A-Z Challenge ~ Painting #atozchallenge
This was an assignment for my creative writing class a while back.
Rich images often create inspiration and imagination. The purpose of this assignment is to spark creativity and begin the creative writing process. Select a visual art piece—painting, drawing, or photograph—from a gallery, online gallery, or museum. The idea is an “art” piece—not a photo someone took on vacation. In a 1,050- to 1,750-word paper, write a creative piece—poem, dialogue, essay, or short story—on your reaction to the visual art. Let your imagination run. Consider the following questions to help spark (do not make this a Q and A response) your imagination to create a creative piece:
I chose a painting.
· What story comes to mind; what images come to mind?
· What dialogue is taking place in the story among the character(s)?
· Consider what might have happened before or what might happen after.
· Describe the culture of the image.
· What is the main object or image in the artwork? What is its purpose? What is the person thinking?
· Consider why this piece was created, or the perspective of the artist.
· What do you think about when viewing this piece? Any particular memories, emotions, or reactions?
This is a rough draft, so please excuse any mistakes.
A Beatrice of My Own
“Whoa, excuse me,” I said. I looked up to see who bumped into me. A beautiful girl, maybe right out of high school, stood there flustered and apologetic.
“No, it was my fault. I’m so sorry,” she said with such an angelic voice.
“No, I should have been watching where I was going instead of watching my feet,” I said.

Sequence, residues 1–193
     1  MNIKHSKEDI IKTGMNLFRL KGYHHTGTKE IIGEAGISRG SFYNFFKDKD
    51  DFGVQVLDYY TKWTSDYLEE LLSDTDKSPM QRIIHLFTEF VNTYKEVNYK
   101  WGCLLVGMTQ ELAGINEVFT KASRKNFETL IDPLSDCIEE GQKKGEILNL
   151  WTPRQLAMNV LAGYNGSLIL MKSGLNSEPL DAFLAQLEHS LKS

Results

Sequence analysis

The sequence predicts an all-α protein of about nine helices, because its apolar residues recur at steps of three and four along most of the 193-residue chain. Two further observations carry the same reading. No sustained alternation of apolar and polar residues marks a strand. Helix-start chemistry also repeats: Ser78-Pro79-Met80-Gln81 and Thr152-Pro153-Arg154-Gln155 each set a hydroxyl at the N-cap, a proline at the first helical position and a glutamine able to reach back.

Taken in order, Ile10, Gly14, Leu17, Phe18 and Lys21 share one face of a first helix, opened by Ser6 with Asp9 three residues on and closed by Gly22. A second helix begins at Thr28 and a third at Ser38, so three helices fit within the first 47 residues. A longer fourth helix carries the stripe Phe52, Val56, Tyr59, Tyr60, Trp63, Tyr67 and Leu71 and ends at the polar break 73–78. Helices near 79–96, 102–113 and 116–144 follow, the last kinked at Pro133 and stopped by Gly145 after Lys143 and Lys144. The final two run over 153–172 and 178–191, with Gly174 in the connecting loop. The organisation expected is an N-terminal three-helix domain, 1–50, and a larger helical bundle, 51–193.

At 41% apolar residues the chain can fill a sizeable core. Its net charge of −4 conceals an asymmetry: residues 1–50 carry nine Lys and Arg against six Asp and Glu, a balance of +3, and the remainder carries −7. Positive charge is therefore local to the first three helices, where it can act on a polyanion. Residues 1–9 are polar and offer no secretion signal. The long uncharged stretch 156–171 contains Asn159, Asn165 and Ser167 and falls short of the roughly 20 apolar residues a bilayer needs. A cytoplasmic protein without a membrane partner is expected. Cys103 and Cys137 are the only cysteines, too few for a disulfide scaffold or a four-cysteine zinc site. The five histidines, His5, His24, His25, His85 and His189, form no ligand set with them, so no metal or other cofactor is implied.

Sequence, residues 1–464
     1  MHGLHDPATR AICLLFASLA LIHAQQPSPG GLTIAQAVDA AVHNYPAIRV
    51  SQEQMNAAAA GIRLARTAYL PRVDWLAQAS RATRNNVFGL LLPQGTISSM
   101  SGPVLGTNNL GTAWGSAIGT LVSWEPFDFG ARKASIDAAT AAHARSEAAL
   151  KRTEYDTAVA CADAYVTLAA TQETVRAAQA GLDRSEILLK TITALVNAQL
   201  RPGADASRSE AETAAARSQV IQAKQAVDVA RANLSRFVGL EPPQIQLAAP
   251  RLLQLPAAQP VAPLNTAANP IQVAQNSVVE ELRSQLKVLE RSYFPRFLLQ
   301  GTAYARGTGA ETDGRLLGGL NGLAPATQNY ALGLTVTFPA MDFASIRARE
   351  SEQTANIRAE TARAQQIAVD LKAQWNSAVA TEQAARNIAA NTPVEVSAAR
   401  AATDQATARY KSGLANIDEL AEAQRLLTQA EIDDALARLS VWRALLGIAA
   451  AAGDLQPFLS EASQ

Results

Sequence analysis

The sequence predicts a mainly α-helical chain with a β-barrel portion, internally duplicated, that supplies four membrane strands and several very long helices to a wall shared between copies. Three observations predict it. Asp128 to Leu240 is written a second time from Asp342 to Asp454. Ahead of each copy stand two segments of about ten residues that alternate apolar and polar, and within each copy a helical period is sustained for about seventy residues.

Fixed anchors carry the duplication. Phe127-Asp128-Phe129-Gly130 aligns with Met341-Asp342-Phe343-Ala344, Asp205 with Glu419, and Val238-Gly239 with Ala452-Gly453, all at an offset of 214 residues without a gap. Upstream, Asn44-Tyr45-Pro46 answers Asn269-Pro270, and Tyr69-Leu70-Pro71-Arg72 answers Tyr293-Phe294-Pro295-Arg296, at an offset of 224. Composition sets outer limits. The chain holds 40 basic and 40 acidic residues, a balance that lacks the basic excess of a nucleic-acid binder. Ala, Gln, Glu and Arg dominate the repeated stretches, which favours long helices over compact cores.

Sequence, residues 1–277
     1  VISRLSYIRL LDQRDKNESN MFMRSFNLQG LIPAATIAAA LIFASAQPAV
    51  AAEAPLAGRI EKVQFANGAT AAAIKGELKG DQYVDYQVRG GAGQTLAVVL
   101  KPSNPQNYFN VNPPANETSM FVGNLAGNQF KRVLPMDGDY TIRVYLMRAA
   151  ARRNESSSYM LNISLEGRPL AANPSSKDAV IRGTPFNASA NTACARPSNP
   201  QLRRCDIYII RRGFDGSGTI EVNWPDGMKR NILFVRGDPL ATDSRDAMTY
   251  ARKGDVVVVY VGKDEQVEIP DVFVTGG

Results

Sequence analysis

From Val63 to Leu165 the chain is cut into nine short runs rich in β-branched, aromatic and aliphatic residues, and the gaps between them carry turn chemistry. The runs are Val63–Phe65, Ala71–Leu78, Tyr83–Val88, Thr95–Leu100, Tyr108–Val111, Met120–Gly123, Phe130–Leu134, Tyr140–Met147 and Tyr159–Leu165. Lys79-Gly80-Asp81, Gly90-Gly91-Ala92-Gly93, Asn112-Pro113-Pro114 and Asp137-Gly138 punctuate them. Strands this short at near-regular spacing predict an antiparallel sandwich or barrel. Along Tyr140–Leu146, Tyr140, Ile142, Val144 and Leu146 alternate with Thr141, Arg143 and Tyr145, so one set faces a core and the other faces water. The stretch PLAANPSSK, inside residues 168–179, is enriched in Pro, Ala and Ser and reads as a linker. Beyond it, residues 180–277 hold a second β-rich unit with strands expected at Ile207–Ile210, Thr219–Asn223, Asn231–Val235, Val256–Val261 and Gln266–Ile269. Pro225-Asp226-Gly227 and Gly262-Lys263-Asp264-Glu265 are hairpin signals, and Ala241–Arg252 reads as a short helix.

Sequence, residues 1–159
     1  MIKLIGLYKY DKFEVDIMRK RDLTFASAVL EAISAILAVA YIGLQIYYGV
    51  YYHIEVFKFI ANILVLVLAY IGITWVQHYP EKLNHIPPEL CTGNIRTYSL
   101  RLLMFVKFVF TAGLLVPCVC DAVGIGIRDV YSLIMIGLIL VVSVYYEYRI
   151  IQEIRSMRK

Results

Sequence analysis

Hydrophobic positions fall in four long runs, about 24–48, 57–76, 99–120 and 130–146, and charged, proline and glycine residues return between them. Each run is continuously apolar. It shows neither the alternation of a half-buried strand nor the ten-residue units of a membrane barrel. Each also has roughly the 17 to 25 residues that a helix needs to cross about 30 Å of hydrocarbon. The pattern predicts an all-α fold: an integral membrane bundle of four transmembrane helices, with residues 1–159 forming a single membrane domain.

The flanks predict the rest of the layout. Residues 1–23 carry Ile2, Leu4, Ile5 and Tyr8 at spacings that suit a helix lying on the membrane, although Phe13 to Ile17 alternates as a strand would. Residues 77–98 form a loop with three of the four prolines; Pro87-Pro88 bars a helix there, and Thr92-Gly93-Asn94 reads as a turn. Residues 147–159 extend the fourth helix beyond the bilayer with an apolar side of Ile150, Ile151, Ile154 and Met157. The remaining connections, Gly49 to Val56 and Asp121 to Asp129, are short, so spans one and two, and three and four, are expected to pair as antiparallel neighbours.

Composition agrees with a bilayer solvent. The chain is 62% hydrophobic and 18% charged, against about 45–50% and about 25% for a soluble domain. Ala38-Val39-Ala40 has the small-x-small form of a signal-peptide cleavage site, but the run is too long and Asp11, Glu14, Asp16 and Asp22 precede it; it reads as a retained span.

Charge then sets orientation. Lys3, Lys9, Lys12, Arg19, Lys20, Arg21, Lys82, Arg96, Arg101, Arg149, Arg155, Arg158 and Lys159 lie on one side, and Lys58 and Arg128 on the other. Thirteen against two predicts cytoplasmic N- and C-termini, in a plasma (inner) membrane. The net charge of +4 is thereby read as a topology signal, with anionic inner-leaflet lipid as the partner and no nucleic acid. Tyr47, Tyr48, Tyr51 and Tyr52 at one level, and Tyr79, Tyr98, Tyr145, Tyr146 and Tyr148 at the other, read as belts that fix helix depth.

Just as she was most likely going to say it was her fault again, a man called her.
“Sorry, again, gotta go.”
She ran off with the older man who was most likely her father. As I watched them until they were lost in the crowd, I couldn’t help but feel a loss at her walking away from me. We were in the Victoria train station in London. I was on my way to the airport, but it looked like she was going somewhere else.
I graduated college a few weeks ago and wanted to backpack through Europe before I had to act like a real adult and get a job. I wasn’t sure how long it would take since I was playing it all by ear. My plan was to start in England and travel from Venice, Italy all the way down the country as I could.
Surprisingly, I made it to Florence in great time. In less than two weeks, I had managed to see many cities on my way down, but I had a feeling that I would be staying in Florence for a while. The city was beautiful and full with so much history. From what I’ve read so many famous people were born there.
I found myself in Florence’s Cathedral of Santa Maria del Fiore. The church was magnificent and so grand with a huge dome and a tall tower. It looked very Gothic. As I strolled through looking at every piece of art and admiring all the statues, I found one painting that called to me. I had no idea what it was about or who it was in the picture, so I began to read the information plaque.
It said, “Domenico di Michelino, Dante and His Poem, 1465.” The painting was so strange but interesting. In the middle stood a man holding a book and around him were different buildings. I wasn’t quite sure what one of them was as it had what looked like a bunch of dead bodies piled on top of each other. The guy in the middle looked as if he was floating, almost orchestrating the scenes surrounding him. He exuded dominance and surety, and he looked like someone of high status. I stood there for what felt like hours staring at it until a familiar voice from behind me grabbed my attention.
I wanted to check and see if it was who I thought it was because, in all honesty, it would have been too much of a coincidence. I pretended to look around at the room as I stretched. Yeah, lame move, but it was all I could come up with. There she was speaking quietly with her hands to the same man she was with before. She was still as beautiful as the last time I saw her. Her long brown curly hair, her supple bronzed skin, and her big brown eyes were captivating.
Without an ounce of shame, I eavesdropped on the conversation. I focused my vision back on the painting, trying to keep up with her description of it.
“Dad, look. This is my favorite painting. That is Dante Alighieri, the author of The Divine Comedy. I’m sorta obsessed with this man,” she said and giggled.